Edible Common Blue Violet for Your Supper Plate

Repurpose those pretty posies in a casserole.
blue violet

The edible flowers of the common blue violet bloom toward the end of early spring, into the start of mid-spring.

The edible flowers of the common blue violet bloom toward the end of early spring, into the start of mid-spring.

The edible flowers of the common blue violet bloom toward the end of early spring, into the start of mid-spring.

Foraging expert Steve Brill has shared his foraging wisdom at schools, museums, parks departments, environmental organizations, and with scout troops since 1982. He’s written three books and an app, stars in a DVD and maintains a website at Wild Man Steve Brill

COMMON BLUE VIOLET (Viola sororia sororia, v. papilionacea)


This common, widespread, native colonial perennial’s only leaves are basal. Odorless, heart-shaped, hairless, shallow-toothed, violets grow 3 to 5 inches long and as wide as they’re long. Tightly curled at first, each leaf grows on top of a single, slender, hairless leafstalk 3 to 8 inches high.

Barely taller than the leaves, each bilaterally symmetrical, scentless violet-colored flower also arises from the ground on its own slender, hairless flower stalk. Of the five rounded petals, the two side ones are bearded with bushy stamens near the flower’s throat; the three lower ones are deeply veined; and the lowest is slightly spurred. Hundreds of these colorful flowers, 0.75 to one inch across, fill meadows in early- to mid-spring, arising from the branched rhizomes (underground stems) about 0.5 inch thick.

These showy springtime flowers are sterile, but in the fall, the fertile flowers — inconspicuous oblong, beige capsules about 0.5 inch long, hide at ground level. They self-fertilize, mature and split lengthwise into three long, narrow troughs, to release a few dozen tiny, spherical seeds that look like ant eggs, translucent white at first, then dark brown when mature.


The leaves are edible from early- through mid-spring, before they get tough and coarse in late spring, although sometimes new tender leaves come up where the older ones were mowed, and occasionally, you can find a few new, young leaves coming up in late fall. The edible flowers bloom in toward the end of early spring, into the start of mid-spring.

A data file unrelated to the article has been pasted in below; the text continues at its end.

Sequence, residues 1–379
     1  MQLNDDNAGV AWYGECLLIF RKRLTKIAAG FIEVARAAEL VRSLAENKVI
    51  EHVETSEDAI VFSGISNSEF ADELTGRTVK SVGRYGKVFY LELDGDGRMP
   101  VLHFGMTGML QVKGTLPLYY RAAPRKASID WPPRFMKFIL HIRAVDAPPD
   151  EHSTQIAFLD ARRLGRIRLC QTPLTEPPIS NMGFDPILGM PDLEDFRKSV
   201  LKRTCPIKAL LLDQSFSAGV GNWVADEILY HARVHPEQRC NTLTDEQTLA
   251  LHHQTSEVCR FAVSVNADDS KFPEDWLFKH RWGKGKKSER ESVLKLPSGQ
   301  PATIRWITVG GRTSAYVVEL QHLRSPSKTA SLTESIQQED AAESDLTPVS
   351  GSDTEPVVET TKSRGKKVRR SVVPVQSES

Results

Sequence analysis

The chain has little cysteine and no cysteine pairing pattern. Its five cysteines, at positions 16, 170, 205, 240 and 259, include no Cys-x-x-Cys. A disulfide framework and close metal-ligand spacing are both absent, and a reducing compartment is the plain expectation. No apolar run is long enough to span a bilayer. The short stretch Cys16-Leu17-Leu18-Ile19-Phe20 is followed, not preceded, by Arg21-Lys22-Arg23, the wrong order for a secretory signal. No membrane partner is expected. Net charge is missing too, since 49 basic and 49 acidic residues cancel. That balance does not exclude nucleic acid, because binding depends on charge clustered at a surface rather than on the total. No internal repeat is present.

Violets grow in gardens, lawns, meadows, fields, parks, damp woodland openings, trail edges, near riverbanks and along roadsides.


Violets grow wild in eastern and much of central North America, although people can plant them in gardens anywhere.


In early and mid-spring, hold down handfuls of plants with one hand, and pull off as many leaves and violet flowers as possible, with as little of the tougher flower- and leaf stalks as possible. Other parts of the plant are not edible.

Food Preparation

Violets have a mild, subtle but quite enjoyable flavor — somewhat bland at first but with a surprise bite as part of the aftertaste. They’re excellent raw, in salads and sandwiches, and they’re great as cooked greens, steamed and served with olive oil, salt and pepper or in any vegetable dish that calls for cooked greens. They make an excellent replacement for spinach, for example, and cook in about 10 minutes.


The leaves provide vitamin A and C; the flowers, vitamin C.

Medicinal Uses

Not much used by herbalists nowadays, a poultice of the leaves has been applied externally to relieve headaches and for boils, and an infusion of the leaves and flowers has been used for dysentery, constipation, coughs and colds, although I’m very skeptical about any of these uses actually working.

On the other hand, violet leaves contain genistein (also present in red clover), and isoflavone (a plant estrogen and anti-oxidant) that some think may lower the risk of cancer. Laboratory research shows that genistein alters the action of the genes that prostate cancer cells use to spread throughout the body, and research is underway to determine whether taking genistein benefits prostate cancer patients.